A recent photo of the War Memorial Veterans Building, the upper floors of which, from 1935 to 1995, were the home of SFMOMA

MoMA may have been the clear hero in this story thus far, but another, arguably equally important (and much closer to home) was shortly to arrive on the scene: SFMOMA, or, as it was known until 1975, the San Francisco Museum of Art. The Museum’s founding director, Grace L. McCann Morley, began film screenings in 1937, just a couple-or-so years after the institution opened its doors. In 1946, Morley welcomed filmmaker Frank Stauffacher and associates into SFMOMA to program the now legendary Art in Cinema series, which ran for nine years, and had still uncharted effects on the world of film, art, and the entire media culture we live in today. Scott MacDonald’s Art in Cinema: Documents Toward a History of the Film Society, published in 2006, has rectified the scarcity of information about Stauffacher and the culture he created, but the assimilation of this knowledge into our understanding of the history of film art has barely begun. (An interview with MacDonald regarding Art in Cinema can be found here, and a detailed review of MacDonald’s book by the formidable and lucid Irina Leimbacher is available here.)

Cover of the first edition of the Art in Cinema Catalogue

Frank Stauffacher was a budding filmmaker who set out in Art in Cinema to create a public exploration of film art’s history and aesthetic development in order to inform and inspire his own work, and to foster a Bay Area culture of experimental filmmaking appreciation and practice. All this was accomplished in spades—each series routinely got press coverage, and in an age when these kinds of films were virtually unseeable in the Bay Area, and therefore possessed the lure of forbidden candy, this all-but-guaranteed his series (tickets for which were available by subscription only) sellout crowds. Strange, mostly short film artworks tickled the fancy of wide swathes of art-interested San Franciscans, and the Art in Cinema shows were instantly fashionable soirées, events at which to see-and-be-seen. In her (I believe still unpublished) autobiography, Stauffacher’s wife, artist Barbara Stauffacher Solomon, sets the scene:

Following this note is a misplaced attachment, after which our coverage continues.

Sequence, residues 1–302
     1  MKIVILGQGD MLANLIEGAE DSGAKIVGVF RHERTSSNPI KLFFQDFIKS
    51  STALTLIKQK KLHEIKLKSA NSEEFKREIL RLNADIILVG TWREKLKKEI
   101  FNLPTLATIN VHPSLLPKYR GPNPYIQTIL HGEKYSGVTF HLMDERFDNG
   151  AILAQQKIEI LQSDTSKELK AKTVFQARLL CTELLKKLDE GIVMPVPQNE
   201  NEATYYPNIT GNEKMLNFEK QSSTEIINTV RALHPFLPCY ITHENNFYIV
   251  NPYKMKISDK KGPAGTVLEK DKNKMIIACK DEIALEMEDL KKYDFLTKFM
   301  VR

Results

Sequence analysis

“The audience was the best part of the performance. Berkeley professors with tweed jackets and frumpy wives… arrived early to get good seats. Architects and their dates,

The 4th-floor skylit hall which served as Art in Cinema's auditorium (now home to the San Francisco Law Library)

high-styled with expensive haircuts, dressed in black-and-white, or grey, or black-and-grey, looked for seats near each other or rich looking potential clients. Young lawyers arrived in three-piece suits with ladies in pearls and little black dresses. The Woman’s Board of the Museum, socialites, and rich blondes devoted to the arts, and Frank, wore cashmere sweaters, Pre-Columbian jewelry, and pageboys, and walked as if they owned the place and their gay escorts. Pretty young women, recently graduated from Art Appreciation 101, who had practiced how to eat hamburgers without smudging their lipstick, looked for sensitive young men. Artists on the GI Bill, recently attacking the Axis, instead of big canvasses, jazz musicians, and poets arrived late, wore black turtlenecks and Levis, and slinked into the remaining seats or slumped against the walls…. It was a pity to turn the lights off.”

Click here for Pt. 2.